A Rosenberg by Any Other Name
$10 advance | $15 at door
Presented with Dallas Jewish Historical Society
Aaron Family JCC
A groundbreaking history of the practice of Jewish name changing in the 20th century, showcasing just how much is in a name.
Our thinking about Jewish name changing tends to focus on clichés: ambitious movie stars who adopted glamorous new names or insensitive Ellis Island officials who changed immigrants’ names for them. But as Kirsten Fermaglich elegantly reveals, the real story is much more profound. Scratching below the surface, Fermaglich examines previously unexplored name change petitions to upend the clichés, revealing that in twentieth-century New York City, Jewish name changing was actually a broad-based and voluntary behavior: thousands of ordinary Jewish men, women, and children legally changed their names in order to respond to an upsurge of antisemitism. Rather than trying to escape their heritage or “pass” as non-Jewish, most name-changers remained active members of the Jewish community. While name changing allowed Jewish families to avoid antisemitism and achieve white middle-class status, the practice also created pain within families and became a stigmatized, forgotten aspect of American Jewish culture.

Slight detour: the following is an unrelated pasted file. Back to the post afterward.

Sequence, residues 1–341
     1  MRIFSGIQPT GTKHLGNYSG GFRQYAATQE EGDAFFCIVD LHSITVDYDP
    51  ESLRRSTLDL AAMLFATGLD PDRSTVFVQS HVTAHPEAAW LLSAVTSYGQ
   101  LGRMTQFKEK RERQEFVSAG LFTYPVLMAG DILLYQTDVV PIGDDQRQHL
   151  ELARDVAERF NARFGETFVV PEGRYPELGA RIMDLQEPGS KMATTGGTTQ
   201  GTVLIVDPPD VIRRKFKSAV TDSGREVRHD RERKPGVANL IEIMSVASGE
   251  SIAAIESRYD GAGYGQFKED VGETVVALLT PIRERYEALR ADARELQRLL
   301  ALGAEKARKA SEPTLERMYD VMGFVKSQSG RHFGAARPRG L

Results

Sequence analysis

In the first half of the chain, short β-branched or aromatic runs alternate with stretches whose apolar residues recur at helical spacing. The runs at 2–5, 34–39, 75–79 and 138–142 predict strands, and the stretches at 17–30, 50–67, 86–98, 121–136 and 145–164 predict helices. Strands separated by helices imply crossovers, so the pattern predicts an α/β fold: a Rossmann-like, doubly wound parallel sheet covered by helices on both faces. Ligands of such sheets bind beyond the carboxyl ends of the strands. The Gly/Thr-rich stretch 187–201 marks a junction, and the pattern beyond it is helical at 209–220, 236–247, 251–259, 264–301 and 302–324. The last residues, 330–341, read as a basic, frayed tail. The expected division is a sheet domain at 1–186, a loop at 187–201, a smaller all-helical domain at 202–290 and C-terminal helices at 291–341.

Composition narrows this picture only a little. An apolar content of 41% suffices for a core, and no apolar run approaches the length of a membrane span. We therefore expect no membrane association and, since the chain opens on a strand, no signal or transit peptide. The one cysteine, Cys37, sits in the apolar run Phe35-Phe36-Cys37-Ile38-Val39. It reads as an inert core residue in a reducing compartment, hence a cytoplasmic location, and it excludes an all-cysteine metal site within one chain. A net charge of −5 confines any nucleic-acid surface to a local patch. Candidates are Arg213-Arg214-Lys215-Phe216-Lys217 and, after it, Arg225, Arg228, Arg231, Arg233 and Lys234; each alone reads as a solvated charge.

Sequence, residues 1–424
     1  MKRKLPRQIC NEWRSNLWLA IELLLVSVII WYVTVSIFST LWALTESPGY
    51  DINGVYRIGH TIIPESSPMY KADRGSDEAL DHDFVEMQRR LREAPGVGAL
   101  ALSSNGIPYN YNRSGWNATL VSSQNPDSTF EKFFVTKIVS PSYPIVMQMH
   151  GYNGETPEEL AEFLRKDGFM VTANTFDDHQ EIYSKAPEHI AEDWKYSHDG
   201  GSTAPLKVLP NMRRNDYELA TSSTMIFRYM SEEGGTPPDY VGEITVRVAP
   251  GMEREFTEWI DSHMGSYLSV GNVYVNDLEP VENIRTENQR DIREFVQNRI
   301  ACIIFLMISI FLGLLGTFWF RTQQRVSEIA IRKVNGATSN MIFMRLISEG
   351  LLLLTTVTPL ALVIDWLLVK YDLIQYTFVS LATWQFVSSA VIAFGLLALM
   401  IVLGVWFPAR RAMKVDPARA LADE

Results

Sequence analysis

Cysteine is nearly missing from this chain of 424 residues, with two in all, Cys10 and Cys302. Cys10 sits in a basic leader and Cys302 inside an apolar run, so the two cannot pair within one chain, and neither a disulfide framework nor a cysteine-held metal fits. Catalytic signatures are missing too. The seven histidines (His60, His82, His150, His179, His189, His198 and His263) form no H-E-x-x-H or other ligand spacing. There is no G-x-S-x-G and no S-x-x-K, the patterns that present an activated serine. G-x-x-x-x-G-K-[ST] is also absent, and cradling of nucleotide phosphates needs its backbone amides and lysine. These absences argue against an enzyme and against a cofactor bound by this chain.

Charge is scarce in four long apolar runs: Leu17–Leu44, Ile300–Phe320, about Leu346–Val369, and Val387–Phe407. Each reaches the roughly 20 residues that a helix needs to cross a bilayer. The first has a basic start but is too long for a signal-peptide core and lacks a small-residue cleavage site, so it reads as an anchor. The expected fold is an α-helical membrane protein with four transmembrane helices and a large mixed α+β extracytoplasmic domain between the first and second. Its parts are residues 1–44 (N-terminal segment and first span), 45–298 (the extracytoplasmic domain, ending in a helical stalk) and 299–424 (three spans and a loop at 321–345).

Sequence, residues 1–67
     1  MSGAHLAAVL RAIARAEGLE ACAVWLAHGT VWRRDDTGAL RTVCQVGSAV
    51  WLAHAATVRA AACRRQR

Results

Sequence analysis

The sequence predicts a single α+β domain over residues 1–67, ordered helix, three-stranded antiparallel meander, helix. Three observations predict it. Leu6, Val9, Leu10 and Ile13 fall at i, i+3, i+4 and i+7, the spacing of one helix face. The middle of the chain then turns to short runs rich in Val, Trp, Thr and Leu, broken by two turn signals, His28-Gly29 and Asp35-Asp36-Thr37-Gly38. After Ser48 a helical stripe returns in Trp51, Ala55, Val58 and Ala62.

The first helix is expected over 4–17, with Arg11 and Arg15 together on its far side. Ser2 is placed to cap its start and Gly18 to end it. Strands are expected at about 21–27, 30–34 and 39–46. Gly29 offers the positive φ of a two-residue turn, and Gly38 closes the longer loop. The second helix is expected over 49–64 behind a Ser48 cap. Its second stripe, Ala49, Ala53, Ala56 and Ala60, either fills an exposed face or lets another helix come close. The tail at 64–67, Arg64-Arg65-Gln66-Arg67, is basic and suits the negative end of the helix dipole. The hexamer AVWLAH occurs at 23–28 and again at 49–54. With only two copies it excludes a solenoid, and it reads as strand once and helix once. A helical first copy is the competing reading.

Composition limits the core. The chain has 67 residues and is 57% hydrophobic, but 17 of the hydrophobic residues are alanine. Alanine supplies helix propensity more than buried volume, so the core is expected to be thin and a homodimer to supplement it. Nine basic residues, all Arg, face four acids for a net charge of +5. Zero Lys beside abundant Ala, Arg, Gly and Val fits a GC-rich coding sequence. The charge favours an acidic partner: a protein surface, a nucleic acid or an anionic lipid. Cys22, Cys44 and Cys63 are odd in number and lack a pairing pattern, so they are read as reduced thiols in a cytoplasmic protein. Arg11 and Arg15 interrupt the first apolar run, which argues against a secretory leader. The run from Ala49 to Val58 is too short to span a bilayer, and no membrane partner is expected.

This first history of name changing in the United States offers a previously unexplored window into American Jewish life throughout the twentieth century. A Rosenberg by Any Other Name demonstrates how historical debates about immigration, antisemitism and race, class mobility, gender and family, the boundaries of the Jewish community, and the power of government are reshaped when name changing becomes part of the conversation.
Mining court documents, oral histories, archival records, and contemporary literature, Fermaglich argues convincingly that name changing had a lasting impact on American Jewish culture. Ordinary Jews were forced to consider changing their names as they saw their friends, family, classmates, co-workers, and neighbors do so. Jewish communal leaders and civil rights activists needed to consider name changers as part of the Jewish community, making name changing a pivotal part of early civil rights legislation. And Jewish artists created critical portraits of name changers that lasted for decades in American Jewish culture. This book ends with the disturbing realization that the prosperity Jews found by changing their names is not as accessible for the Chinese, Latino, and Muslim immigrants who wish to exercise that right today.
Kirsten Fermaglich has taught history and Jewish Studies at Michigan State University since 2001. She has written about American Holocaust memory, antisemitism in the United States, and Jews and feminism. She is the author of A Rosenberg by Any Other Name (NYU Press, 2018), which won the 2019 Saul Viener Book Prize. Her first book, American Dreams and Nazi Nightmares, was published by Brandeis University Press in 2006. With Lisa Fine, she co-edited the Norton Critical Edition of Betty Friedan’s The Feminine Mystique in 2013. She is also co-editor of the journal American Jewish History, with Adam Mendelsohn and Daniel Soyer.